The Shift from Modernism to Post Modernism

Introduction

Post modernism connotes that period in time that captures ideas that rejected modernism. In order to fully comprehend this phenomenon, one needs to understand the ideas that were synonymous to the modernist era, a period that began in the late eighteenth century after the rise of industrialization. In this school of thought, it was held that people are rational and independent. It is a point of view that stresses the autonomy of individuals and explains how Western society constructs its economic, social and political structures. However, this perspective overlooks a number of things, such as the associations and relationships that people form between each other.

Post modernism and modernism

Reason and knowledge are perceived as the path to fulfilment and happiness in modern literature. Discussions often centre on what a person knows rather than how they come to know it. Emphasis is given to stability as well dependability in the order to things. However, modernism ignores certain categories of individuals such as women or minorities because they do not fall within this ordered scheme of things (Lewis 62).

It is because of these deficiencies that post modernism emerged. Instead of dwelling on grand narratives that are presumed to apply to all individuals, post modernists felt that it was necessary to acknowledge the fragmented way in which the world worked. They were highly disillusioned by the promises of the modern era as they realised that progress was not a universal concept. Not all people worked towards achievement of certain objectives like equality or justice.

Therefore, postmodernism was a reaction to the lack of diversity and multiplicity in modernism. The school of thought postulates that change does not occur literally. It may have several connections and interconnections depending on the person’s experiences. Furthermore, postmodernists hold that there can be no objective truth; all knowledge is partial since it comes from biased humans. Unlike modernists, post modernists claim that language cannot describe universal experiences. Furthermore, the line between high and low culture is blurred, yet this was very clear in modernism. Parodying other forms of literature is common; for instance, a person may rewrite Romeo and Juliet in an urban setting.

Authors in the latter school of thought were unhappy with the way seemingly small events were ignored in modernism. Post modernists, therefore, dwell on mini experiences or local situations. Provisions and situational cases are given more importance as is the temporary nature of life. No claim whatsoever is given to truth or even reason. Authors in the new school of thought felt that language was not given as much significance as it should in literature. Modernists believed that language is only a mere representation of ideas and should not be construed as anything other than that. Post modernists disagreed with the notion and felt that language should be interpreted in its own terms rather than as a tool for dealing with other concepts or outcomes.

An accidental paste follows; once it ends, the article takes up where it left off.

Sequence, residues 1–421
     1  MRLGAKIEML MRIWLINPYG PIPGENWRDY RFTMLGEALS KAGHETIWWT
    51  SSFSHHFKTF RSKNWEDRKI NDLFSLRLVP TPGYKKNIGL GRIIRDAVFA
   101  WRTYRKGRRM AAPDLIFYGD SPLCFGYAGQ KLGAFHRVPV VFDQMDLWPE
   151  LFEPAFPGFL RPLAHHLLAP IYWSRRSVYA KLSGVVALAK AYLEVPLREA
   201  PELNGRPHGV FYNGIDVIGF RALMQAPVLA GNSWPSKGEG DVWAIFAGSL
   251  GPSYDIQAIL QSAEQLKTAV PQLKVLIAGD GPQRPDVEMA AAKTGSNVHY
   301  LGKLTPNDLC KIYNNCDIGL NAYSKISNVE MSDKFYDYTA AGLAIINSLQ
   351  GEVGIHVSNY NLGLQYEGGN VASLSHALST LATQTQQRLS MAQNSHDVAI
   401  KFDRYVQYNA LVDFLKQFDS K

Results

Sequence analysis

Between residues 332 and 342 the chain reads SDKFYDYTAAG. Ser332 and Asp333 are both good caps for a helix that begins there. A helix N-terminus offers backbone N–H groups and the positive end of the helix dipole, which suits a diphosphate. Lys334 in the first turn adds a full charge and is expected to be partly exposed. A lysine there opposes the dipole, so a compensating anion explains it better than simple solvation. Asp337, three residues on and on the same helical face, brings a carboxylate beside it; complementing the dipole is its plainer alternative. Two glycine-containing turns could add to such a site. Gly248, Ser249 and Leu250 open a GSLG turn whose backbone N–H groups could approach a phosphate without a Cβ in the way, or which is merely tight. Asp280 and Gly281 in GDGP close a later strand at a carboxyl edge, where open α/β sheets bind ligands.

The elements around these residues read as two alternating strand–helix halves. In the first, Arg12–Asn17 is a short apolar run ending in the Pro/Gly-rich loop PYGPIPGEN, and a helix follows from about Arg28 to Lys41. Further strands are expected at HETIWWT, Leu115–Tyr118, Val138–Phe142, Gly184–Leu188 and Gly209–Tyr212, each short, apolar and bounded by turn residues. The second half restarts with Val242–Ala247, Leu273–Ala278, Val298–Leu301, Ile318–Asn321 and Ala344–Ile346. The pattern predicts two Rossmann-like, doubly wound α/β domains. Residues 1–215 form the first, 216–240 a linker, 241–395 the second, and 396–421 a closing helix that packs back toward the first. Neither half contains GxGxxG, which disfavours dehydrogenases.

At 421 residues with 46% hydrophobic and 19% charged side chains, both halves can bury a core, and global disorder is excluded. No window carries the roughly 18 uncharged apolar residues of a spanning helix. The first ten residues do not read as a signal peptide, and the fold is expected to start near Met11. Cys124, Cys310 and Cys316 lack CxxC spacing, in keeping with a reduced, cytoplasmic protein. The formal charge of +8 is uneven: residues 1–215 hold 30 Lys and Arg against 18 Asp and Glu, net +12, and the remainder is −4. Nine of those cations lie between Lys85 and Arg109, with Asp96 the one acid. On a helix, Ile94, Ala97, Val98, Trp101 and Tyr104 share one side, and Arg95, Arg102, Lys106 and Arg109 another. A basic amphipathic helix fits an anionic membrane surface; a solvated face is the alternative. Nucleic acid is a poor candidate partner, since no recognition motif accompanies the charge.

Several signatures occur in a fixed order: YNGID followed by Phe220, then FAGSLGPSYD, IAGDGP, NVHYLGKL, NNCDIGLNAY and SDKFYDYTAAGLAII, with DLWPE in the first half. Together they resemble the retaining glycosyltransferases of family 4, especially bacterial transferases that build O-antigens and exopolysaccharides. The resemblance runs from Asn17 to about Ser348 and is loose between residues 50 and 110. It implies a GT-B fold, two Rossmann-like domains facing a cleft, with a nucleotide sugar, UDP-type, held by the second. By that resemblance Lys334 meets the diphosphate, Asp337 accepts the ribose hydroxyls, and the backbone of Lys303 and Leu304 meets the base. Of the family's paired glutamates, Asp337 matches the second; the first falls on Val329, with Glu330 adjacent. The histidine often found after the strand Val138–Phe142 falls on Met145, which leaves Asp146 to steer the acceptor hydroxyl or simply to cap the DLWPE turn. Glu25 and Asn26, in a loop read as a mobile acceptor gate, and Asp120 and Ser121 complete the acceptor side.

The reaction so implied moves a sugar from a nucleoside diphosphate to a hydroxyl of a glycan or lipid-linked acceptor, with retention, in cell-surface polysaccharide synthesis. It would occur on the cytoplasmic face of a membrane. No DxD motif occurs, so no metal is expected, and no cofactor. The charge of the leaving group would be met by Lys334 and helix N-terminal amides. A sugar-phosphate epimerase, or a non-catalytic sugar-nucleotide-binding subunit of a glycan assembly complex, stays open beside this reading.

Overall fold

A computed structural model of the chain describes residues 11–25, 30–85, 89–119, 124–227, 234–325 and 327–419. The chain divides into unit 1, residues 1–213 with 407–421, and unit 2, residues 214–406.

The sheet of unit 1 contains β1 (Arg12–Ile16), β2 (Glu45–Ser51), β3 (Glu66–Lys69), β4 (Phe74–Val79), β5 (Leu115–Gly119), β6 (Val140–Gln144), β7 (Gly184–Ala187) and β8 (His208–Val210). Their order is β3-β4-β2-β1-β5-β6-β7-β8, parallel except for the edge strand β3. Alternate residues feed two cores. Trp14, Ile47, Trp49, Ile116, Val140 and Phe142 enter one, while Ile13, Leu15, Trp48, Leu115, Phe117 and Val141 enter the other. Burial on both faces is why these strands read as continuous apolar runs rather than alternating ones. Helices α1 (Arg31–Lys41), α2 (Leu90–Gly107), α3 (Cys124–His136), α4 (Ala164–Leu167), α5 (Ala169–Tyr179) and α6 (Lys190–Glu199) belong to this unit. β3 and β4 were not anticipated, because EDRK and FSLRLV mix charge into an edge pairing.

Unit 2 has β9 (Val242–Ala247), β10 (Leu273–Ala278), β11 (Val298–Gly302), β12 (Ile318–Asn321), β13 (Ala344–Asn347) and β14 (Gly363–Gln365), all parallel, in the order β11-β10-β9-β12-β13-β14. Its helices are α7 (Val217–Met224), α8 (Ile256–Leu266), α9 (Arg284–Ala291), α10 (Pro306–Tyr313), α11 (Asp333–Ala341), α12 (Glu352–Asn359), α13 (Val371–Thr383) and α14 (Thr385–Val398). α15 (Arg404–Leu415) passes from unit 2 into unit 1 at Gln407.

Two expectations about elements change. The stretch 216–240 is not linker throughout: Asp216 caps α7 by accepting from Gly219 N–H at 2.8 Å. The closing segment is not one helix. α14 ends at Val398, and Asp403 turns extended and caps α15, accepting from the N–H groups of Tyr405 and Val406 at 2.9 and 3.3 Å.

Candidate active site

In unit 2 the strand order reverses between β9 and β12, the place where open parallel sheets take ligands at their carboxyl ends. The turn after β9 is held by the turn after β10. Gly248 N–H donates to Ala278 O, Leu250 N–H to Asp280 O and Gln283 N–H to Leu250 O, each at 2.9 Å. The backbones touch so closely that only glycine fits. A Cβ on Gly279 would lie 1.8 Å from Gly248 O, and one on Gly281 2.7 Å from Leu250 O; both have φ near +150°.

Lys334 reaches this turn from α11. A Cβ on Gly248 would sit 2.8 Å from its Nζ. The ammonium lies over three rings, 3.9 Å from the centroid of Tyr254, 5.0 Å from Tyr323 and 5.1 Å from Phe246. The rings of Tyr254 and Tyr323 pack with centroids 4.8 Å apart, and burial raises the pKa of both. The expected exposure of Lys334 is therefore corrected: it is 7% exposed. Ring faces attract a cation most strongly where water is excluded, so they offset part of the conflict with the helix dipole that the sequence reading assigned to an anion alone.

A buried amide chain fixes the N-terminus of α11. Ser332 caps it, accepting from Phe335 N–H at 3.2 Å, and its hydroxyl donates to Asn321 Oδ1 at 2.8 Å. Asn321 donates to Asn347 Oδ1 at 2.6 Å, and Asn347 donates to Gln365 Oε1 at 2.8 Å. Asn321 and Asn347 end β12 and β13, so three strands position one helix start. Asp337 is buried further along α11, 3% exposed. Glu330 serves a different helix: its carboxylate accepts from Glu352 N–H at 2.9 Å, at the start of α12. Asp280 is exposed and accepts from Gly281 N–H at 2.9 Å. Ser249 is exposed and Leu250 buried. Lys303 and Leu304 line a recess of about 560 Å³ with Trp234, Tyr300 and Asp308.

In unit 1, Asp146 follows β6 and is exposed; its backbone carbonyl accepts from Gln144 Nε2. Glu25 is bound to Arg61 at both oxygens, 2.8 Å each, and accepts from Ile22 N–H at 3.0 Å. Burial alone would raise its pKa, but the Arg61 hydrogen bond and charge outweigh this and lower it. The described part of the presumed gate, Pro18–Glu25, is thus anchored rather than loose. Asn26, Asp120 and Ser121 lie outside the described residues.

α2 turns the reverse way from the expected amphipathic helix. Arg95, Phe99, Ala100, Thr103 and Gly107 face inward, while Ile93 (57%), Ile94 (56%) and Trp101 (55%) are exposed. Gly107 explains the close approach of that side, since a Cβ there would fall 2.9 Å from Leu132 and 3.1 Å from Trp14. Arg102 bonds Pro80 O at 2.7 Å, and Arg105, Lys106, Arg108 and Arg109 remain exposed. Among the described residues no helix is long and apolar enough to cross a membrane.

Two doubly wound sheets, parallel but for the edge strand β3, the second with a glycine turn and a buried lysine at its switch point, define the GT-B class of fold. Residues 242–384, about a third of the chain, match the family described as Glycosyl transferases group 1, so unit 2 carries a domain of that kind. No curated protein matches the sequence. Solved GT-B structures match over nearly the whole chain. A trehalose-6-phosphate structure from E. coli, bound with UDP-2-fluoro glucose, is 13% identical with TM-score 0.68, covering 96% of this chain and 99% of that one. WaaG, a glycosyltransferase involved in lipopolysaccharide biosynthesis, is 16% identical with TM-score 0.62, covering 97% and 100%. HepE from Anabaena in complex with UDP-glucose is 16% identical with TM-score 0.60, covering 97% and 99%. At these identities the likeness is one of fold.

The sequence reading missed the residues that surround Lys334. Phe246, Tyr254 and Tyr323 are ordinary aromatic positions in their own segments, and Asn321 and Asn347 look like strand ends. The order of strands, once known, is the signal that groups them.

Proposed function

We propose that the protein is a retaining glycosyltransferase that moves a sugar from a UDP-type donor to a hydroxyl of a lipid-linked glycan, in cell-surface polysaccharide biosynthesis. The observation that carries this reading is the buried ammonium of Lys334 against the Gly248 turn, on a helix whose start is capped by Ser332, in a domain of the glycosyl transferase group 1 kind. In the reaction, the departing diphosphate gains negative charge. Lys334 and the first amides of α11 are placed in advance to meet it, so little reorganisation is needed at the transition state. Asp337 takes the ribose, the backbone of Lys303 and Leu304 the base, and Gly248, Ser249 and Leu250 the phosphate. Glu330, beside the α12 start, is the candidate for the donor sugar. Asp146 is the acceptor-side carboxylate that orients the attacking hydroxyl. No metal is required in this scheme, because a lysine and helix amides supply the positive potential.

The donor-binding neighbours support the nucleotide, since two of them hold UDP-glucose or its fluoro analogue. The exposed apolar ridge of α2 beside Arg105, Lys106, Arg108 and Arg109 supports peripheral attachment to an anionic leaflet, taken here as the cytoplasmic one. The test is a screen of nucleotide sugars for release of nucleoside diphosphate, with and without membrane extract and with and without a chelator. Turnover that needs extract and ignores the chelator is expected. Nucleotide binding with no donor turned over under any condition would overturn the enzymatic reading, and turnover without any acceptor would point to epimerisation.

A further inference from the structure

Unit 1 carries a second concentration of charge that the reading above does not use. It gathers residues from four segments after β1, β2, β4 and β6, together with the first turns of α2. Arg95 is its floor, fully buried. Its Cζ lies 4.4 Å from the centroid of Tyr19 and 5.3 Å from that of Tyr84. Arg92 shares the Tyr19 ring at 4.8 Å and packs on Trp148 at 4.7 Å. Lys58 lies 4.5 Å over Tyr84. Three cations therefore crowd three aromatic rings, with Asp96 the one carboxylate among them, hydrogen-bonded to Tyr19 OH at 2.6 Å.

One of the authors that epitomises the post modern movement is Toni Morrison. The above writer sought to question, critic and even confront the dominant cultural narratives in her society. In her first novel, The Bluest eye, the author opposed white mainstream culture by focusing and portraying the lives of marginalised people; black women. One way in which she does this is by delving into the soulful nature of her subjects. The following is a description of one of her characters in the “Bluest Eye.’

“Misery coloured by the greens and blues in my mother’s voice took all of the grief out of the words and left me with a conviction that pain was not only endurable, it was sweet.” (“Bluest eye” 24).

In the above excerpt, it is evident that language is a powerful medium for the characters and the author herself. This probably emanates from the history of African American people. In a world where economic and social structures were tilted against them, most black people only had language to preserve their heritage. They used song and verbal interplays in order to transmit their points of view. This indicates that language was not just a tool to convey ideas; it was something that reflects the richness of the black race. This was clearly a postmodern point of view.

One may contrast the attention Morrison pays to language with Joseph Conrad’s modernist book “Heart of Darkness.” The language employed in the book is opaque and rather obscure. One can find worlds like gloom and inconceivable throughout the piece (“heart of darkness” 90). Furthermore, the narration style conveys one grand narrative. Although the main character was Kurtz, Marlow was the key narrator. His description was quite holistic and symptomatic of the modernist movement. Language in this book was designed to point towards the signified.